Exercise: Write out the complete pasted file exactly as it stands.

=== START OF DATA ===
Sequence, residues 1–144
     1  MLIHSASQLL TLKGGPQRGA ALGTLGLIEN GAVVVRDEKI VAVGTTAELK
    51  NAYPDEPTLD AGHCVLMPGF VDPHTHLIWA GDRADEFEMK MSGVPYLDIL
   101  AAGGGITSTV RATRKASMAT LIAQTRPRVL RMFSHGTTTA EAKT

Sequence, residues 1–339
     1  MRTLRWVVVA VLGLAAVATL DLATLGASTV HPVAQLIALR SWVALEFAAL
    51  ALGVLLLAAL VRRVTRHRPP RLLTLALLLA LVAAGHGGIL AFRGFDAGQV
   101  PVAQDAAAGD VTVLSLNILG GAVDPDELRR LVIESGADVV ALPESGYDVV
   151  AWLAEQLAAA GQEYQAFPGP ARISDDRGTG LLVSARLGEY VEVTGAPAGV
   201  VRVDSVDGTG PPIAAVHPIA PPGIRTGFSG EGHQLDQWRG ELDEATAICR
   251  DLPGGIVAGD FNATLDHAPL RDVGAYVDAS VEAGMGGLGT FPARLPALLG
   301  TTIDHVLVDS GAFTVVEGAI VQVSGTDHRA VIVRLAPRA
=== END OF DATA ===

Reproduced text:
Sequence, residues 1–144
     1  MLIHSASQLL TLKGGPQRGA ALGTLGLIEN GAVVVRDEKI VAVGTTAELK
    51  NAYPDEPTLD AGHCVLMPGF VDPHTHLIWA GDRADEFEMK MSGVPYLDIL
   101  AAGGGITSTV RATRKASMAT LIAQTRPRVL RMFSHGTTTA EAKT

Sequence, residues 1–339
     1  MRTLRWVVVA VLGLAAVATL DLATLGASTV HPVAQLIALR SWVALEFAAL
    51  ALGVLLLAAL VRRVTRHRPP RLLTLALLLA LVAAGHGGIL AFRGFDAGQV
   101  PVAQDAAAGD VTVLSLNILG GAVDPDELRR LVIESGADVV ALPESGYDVV
   151  AWLAEQLAAA GQEYQAFPGP ARISDDRGTG LLVSARLGEY VEVTGAPAGV
   201  VRVDSVDGTG PPIAAVHPIA PPGIRTGFSG EGHQLDQWRG ELDEATAICR
   251  DLPGGIVAGD FNATLDHAPL RDVGAYVDAS VEAGMGGLGT FPARLPALLG
   301  TTIDHVLVDS GAFTVVEGAI VQVSGTDHRA VIVRLAPRA